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MOST Staff Bring Lessons to Schools After Pandemic Cancels Field Trips

This is a photo of two boys reaching to touch an animal skin, held by a science teacher.“We saw the galaxy and it was so pretty!” Franklin fourth grader Yordanos exclaimed. “I learned that we can’t live on Mars because there’s no water there.”
“I liked getting to feel the bugs,” classmate Angel added. “I liked when we were able to choose a bug to draw!”
Each year, SCSD Pre-K, 4th grade and 8th grade students enjoy a trip to the Museum of Science and Technology (MOST), where they are invited to participate in hands-on STEM learning. For many, it’s a highlight of the year.
This year, due to the COVID-19 pandemic, the annual field trips were cancelled. But thanks to a committed team of MOST educators, students weren’t disappointed; instead, the museum staff brought STEM learning straight to their classrooms!
“With field trips still not taking place, this was a great way to ensure our Pre-K, 4th, and 8th grade students still got to experience some of what the MOST has to offer,” SCSD Supervisor of Science and Technology Dana Corcoran shared. “Each student also received a MOST family day pass to visit on their own should they choose to do so!”
Fourth grade students enjoyed rotating through four different stations within their classroom, learning about dinosaurs, space, bugs and inclined planes.
“My favorite part of the MOST visit was the dinosaurs and fossils,” McKinley-Brighton student Jay’Odassi Daniels shared. “I got to touch a scorpion and a skull and [fossilized] poop!”
“It was fun to have the MOST come in and visit us,” classmate Janieliz Ayala added. “My favorite parts were the dinosaurs, the fossils and the animal adaptations, because we got to touch teeth and body parts!”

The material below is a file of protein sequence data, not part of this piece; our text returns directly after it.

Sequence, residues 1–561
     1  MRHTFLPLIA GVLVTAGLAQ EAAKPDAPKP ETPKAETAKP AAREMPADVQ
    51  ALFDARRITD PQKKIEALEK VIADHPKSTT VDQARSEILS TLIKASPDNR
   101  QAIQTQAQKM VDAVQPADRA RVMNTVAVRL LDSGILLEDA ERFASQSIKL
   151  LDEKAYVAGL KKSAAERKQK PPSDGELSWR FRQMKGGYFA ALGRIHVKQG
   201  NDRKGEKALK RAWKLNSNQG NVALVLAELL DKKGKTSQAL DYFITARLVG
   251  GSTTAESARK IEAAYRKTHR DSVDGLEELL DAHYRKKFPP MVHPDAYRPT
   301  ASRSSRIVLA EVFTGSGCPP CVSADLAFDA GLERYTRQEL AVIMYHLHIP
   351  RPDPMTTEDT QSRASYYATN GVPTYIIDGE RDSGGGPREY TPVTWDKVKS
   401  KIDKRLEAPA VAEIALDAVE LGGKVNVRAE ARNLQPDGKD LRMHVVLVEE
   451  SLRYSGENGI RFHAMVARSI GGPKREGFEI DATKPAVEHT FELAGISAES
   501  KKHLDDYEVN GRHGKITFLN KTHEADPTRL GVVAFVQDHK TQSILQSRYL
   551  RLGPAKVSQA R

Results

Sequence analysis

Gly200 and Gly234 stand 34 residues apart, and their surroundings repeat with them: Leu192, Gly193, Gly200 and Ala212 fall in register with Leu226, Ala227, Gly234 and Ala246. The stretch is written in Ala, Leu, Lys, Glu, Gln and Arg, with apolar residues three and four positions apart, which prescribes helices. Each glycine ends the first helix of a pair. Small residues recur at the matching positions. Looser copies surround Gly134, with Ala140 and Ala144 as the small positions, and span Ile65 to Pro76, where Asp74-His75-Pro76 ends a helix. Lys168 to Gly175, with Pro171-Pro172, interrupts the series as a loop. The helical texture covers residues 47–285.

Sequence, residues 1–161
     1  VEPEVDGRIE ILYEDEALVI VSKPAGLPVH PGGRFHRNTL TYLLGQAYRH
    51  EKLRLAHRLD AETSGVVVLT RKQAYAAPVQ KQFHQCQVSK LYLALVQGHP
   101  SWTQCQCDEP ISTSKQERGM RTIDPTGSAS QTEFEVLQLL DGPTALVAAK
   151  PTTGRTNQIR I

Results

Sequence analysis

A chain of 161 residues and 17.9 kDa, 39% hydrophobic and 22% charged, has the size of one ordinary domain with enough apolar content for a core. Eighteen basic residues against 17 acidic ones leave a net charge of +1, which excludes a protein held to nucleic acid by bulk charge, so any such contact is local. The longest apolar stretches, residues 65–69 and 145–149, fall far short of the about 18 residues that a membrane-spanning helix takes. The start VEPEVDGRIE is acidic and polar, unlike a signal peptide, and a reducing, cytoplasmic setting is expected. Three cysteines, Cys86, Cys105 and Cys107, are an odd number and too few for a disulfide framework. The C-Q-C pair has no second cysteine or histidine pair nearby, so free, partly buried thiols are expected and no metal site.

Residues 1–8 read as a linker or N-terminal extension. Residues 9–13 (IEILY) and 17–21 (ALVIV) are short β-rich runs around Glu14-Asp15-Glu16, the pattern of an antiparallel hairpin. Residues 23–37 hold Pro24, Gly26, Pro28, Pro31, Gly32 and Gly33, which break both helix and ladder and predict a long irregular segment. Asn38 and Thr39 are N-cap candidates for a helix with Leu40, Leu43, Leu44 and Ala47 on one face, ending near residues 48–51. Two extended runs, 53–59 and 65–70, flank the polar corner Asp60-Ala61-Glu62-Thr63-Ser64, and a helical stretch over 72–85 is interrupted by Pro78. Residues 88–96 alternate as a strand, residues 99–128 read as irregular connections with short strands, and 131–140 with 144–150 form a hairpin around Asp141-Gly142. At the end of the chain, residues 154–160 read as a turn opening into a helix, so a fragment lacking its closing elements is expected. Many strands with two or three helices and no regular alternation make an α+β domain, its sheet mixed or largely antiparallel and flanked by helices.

“It was so fun to learn about the inclined plane because we got to see if a hard ball or a soft ball traveled farthest,” Imenia Wright said.
"My favorite part was learning about the planets because it was crazy to see how much stuff there is out in space and how big the universe is,” Seymour fourth grader Jayden shared. “I liked learning the names of all the things like the asteroids and moons."
Teachers said it was clear that the hands-on learning helped spur students’ interest in science and technology.
“Our students had a field trip scheduled for the MOST back in October, and they were really bummed when we had to cancel it,” Franklin teacher Dorota Mariak explained. “When we told them the MOST was coming to them for a field trip, they got really excited! Students were engaged the whole time – they were asking questions and making connections to what they already know. It was great that the MOST was able to bring the field trip to them when the original plan couldn't work out.  The students cannot wait to go in person one day!”
Thank you to the staff at the MOST for bringing STEM learning to our SCSD classrooms.
Anthony Q. Davis, Superintendent
725 Harrison Street
Syracuse, NY 13210
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